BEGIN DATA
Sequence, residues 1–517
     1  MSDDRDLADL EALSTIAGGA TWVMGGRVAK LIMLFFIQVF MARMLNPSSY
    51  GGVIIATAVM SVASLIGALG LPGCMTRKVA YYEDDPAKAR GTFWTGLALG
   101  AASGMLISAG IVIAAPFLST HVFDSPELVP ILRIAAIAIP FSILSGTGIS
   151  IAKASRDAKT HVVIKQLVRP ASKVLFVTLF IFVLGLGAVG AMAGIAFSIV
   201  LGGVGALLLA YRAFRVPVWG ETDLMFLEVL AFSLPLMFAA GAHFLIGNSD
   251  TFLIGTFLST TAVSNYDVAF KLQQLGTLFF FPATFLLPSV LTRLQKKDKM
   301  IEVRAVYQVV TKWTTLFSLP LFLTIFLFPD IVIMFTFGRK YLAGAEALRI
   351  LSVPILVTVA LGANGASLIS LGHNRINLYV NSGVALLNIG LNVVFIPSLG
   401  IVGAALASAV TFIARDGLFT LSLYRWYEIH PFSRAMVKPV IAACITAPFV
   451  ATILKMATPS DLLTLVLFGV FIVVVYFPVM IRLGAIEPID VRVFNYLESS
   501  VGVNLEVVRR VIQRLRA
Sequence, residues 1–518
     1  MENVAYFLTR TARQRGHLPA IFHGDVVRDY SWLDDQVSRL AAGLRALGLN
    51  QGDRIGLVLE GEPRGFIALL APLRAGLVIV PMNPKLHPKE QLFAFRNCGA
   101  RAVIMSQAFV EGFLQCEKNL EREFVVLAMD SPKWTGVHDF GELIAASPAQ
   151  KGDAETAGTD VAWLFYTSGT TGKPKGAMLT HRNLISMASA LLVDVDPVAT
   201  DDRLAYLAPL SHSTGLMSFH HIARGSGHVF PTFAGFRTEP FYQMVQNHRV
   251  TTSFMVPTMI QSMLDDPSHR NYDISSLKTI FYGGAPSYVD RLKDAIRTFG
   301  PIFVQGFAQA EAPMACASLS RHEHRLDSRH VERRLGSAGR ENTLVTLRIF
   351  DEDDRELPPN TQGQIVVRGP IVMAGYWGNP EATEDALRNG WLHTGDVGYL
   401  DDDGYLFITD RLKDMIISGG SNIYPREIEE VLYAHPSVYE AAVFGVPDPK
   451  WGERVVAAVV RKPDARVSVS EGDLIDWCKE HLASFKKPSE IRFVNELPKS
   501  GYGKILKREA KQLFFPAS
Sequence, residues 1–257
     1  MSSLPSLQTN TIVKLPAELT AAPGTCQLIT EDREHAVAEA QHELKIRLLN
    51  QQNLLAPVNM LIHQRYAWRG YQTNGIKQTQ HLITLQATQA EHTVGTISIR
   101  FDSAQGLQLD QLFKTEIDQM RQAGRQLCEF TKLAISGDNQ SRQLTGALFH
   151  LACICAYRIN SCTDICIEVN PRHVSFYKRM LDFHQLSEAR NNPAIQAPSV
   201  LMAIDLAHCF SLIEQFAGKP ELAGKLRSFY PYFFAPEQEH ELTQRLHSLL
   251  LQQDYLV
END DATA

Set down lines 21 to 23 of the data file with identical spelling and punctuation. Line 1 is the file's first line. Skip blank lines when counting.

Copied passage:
   351  DEDDRELPPN TQGQIVVRGP IVMAGYWGNP EATEDALRNG WLHTGDVGYL
   401  DDDGYLFITD RLKDMIISGG SNIYPREIEE VLYAHPSVYE AAVFGVPDPK
   451  WGERVVAAVV RKPDARVSVS EGDLIDWCKE HLASFKKPSE IRFVNELPKS